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Good Humor Boys: 1941

Good Humor Boys: 1941

March 1941. "The Good Humor man comes to trailer camp on Saturday afternoon. These children are sons of torpedo plant workers in Alexandria, Virginia." Medium format negative by Martha McMillan Roberts. View full size.


On Shorpy:
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Alexandria's Old Torpedo Factory

The Architect of the Capital's author Elliot Carter reports:

The station's main weapon system was the Mark-14, a submarine launched anti-ship torpedo. Unfortunately the Mark-14 was a dud, and repeated and well documented failures produced what the press dubbed a "Great Torpedo Scandal."

According to Theodore Roscoe's history of WWII submarine warfare, "the only reliable feature of the torpedo was its unreliability."

The Mark XIV green torpedo, currently displayed in the main hall of the Torpedo Factory Art Center, was produced there in 1945. It was painted bright green so that the Navy could find it in the water when it was tested.

Maybe they couldn't find it after all after the test?

Play Ball!

But if the Good Humor Man drives off with the catcher's mitt still on his running board, they'll have to cancel the game!

Still Around

We still have of couple of these trucks rambling around my area in Connecticut. I assume they are new trucks, but fitted out the same ( and with the bells!) and with 2018 prices. I get goosebumps when I see them -- they were such a welcome sight on hot summer nights when I was a kid.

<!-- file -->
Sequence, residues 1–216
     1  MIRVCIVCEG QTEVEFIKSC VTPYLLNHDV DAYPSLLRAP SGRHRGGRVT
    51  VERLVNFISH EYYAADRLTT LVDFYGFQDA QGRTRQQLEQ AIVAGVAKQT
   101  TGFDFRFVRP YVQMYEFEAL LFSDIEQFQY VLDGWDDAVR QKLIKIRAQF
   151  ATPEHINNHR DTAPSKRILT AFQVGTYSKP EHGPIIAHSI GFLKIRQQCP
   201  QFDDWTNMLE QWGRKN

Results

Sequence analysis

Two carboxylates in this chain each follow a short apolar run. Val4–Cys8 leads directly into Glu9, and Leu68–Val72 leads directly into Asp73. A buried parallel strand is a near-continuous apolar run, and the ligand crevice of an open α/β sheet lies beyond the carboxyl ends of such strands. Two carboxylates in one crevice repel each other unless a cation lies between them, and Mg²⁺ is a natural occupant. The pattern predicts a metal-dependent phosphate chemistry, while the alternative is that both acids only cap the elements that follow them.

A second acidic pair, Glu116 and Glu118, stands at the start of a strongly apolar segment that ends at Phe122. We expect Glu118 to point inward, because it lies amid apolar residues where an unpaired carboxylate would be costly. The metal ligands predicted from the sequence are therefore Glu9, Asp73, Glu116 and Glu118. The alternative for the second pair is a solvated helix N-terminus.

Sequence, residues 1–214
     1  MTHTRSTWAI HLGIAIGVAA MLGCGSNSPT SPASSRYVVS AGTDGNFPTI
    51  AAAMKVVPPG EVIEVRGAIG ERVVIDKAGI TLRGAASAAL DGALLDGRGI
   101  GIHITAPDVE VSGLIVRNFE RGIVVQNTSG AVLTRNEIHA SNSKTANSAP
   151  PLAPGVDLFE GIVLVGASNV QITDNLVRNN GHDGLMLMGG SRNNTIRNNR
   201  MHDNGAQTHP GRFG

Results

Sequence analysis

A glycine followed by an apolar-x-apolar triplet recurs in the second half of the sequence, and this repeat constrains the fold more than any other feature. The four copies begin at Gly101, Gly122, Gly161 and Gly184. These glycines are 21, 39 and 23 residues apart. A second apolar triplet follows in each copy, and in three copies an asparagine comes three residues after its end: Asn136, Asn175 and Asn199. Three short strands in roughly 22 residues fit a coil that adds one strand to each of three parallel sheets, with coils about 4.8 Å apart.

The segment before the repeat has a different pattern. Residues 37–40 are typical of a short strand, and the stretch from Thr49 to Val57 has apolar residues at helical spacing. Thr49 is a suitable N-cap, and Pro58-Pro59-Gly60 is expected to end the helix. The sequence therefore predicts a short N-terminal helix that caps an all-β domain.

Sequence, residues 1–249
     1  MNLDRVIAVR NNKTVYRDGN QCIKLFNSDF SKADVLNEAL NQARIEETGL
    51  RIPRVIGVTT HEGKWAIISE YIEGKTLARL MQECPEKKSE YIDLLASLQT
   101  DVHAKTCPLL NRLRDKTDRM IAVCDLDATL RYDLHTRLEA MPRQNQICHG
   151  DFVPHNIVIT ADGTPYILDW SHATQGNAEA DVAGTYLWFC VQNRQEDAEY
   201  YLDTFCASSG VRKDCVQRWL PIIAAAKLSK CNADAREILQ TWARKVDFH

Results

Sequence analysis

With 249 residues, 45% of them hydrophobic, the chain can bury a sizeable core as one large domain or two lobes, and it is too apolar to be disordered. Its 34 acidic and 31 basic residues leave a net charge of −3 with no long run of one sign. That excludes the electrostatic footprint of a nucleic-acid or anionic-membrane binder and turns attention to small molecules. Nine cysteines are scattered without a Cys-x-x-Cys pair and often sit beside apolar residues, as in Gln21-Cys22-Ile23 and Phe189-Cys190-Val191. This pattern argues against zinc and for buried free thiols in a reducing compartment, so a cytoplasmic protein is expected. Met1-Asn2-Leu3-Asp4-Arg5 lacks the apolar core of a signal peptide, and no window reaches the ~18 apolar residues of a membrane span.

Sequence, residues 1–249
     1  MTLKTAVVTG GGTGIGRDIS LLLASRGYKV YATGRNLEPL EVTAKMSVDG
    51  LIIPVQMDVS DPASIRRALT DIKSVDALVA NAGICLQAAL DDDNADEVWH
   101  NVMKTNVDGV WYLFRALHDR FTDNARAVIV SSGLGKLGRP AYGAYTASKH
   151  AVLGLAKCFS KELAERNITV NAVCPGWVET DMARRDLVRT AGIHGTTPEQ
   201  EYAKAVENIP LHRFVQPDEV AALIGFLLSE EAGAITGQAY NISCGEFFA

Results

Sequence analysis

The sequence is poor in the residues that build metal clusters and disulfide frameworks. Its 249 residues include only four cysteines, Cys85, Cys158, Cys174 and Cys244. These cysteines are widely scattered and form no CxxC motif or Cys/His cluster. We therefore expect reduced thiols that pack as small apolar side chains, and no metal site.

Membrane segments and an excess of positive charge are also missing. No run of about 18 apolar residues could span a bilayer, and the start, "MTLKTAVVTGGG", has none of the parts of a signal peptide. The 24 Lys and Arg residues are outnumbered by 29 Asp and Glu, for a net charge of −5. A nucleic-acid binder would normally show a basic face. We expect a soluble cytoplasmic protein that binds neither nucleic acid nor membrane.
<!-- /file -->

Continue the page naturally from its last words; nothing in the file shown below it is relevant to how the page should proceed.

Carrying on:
Most coveted item

The thing I remember most and always wanted was the coin holder on the ice cream man's belt. Our bus driver also had one, and for some reason it was something I always wanted. That is, until I actually got one, at a yard sale many decades ago.

Since I never had to make change for a crowd, it seemed silly to wear one and I was already 50 by then and would have looked like a moron, so now it sits in my "storage closet" as a constant reminder that most of us really think we desire some material item until we actually get it and then wonder why we wanted it so much.

If the kid on the extreme left threw his popsicle wrapper on the ground, as it appears, since he is the only one eating both sides of his treat all at once while the others have all saved their other half in the wrapper for later, we would have called him a litterbug.

We had to buy our ice cream from an independent, local peddler because they were always a few cents cheaper than the official Good Humor man and with four kids, my mom could save 4 nickels by using the generic ice cream man and we were just as happy. This photo sure brings back some good summer memories.

Little fella forlorn

My favorite thing about this photo is the wistful gaze of the poor tyke who missed out.

[I had to look to find him! - Dave]

Summer Ritual

The only difference between these folks and me was that my Alexandria was in Louisiana, but all else brings back those memories.

Thanks, Dave!

Hot Time, Summer in the City

was when we most appreciated Earl, the Good Humor man who patrolled the crowded streets of northeast Baltimore in the early and mid-1950s. I couldn't afford the Good Humor Bar, ice cream sandwich, fudgesicle (pronounced fudge-a-cul locally), creamsicle, or dreamsicle, but for a nickel the popsicle, which was frozen sherbet (sherbert, locally), hit the spot.

Ice cream memories

This picture takes me back to my own childhood in Alexandria, though nearly 20 years later than these young guys. We heard the bells ringing, ran inside to get money from our moms, and gathered around the Good Humor man in his white uniform. I was always fascinated by the way the cold air spilled out of the truck's compartments as he reached in for our frozen goodies.

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